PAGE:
Airborne on 9/11
It was September 11, 2001, a date enshrined in world history. I had a Kolkata flight to catch and was biding my time for the gates to open at the...
It was September 11, 2001, a date enshrined in world history. I had a Kolkata flight to catch and was biding my time for the gates to open at the seating lounge inside the airport. I was on a deputation to the Foreign Department of the State Bank of India to reconcile the Nostro entries of Branches relating to Bangalore Circle.
To the uninitiated, a Nostro account refers to an account maintained by an Indian bank with overseas banks in foreign currency to settle its foreign currency transactions. The task was entrusted to me and a few other colleagues simply because we had gathered expertise in the field. It was an era when banks were not fully automated and much of the reconciliation exercise was done by poring through registers, ledgers, ticket acknowledgements, SWIFT copies and other manual records.
On that particular day, there was an unusual activity inside the airport as passengers jostled with one another for space to get a clear view of the pictures streaming on the television sets placed inside the airport. From the corner of my eye, I could figure out an aeroplane crash into the twin towers of the World Trade Centre and engulf the building in flames.
I could also catch a glimpse of people screaming and falling to their deaths from the floors above after it exploded into a ball of fire. The images beamed on the small screen appeared like an action-packed English thriller and I had no clue what was playing out. Huddled in a corner with my bag and baggage and busy browsing the newspaper I did not even bother to enquire with the bystanders, many of whom were glued to the TV sets.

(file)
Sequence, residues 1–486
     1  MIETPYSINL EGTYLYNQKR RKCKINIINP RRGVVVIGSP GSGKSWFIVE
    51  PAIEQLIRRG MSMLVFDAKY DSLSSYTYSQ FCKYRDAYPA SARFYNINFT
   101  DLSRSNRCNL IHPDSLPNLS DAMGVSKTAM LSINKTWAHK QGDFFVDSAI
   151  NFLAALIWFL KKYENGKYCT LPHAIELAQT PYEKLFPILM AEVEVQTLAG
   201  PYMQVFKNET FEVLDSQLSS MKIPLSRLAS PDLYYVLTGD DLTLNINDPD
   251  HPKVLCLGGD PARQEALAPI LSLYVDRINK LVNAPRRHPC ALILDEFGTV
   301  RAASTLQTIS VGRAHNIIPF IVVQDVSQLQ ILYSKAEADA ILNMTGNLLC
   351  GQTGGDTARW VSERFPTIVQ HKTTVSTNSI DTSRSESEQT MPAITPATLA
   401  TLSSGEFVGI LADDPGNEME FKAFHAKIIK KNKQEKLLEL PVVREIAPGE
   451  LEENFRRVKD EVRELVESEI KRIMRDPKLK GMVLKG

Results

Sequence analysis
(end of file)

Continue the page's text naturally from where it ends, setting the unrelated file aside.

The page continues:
As the gates opened, I picked up my belongings and hurried to board the aircraft. Those were the days when the mobile phone was yet to make an appearance and I was virtually incommunicado. We communicated with our families via the humble landline telephone or through the medium of letters or telegram. A letter posted from north India would unbelievably take a week to arrive in Bengaluru.
It was a practice to call up the kin soon after reaching the destination. As I touched base with the family from Kolkata my mother was pleased as punch to hear my voice. ''Are you doing fine?'' she enquired. ''Did you hear that the militants associated with the Islamic extremist group al-Qaeda hijacked four aeroplanes and carried out suicide attacks against targets in the United States. Glad you are safe''.
She sounded visibly relieved. She had obviously found the videos shocking like everybody else and the fact that her son was on a plane made her restless even more. It soon dawned on me that the pictures streaming on television back home at the airport was no movie but a terrorist attack. 9/11 to be precise!
-N J Ravi Chander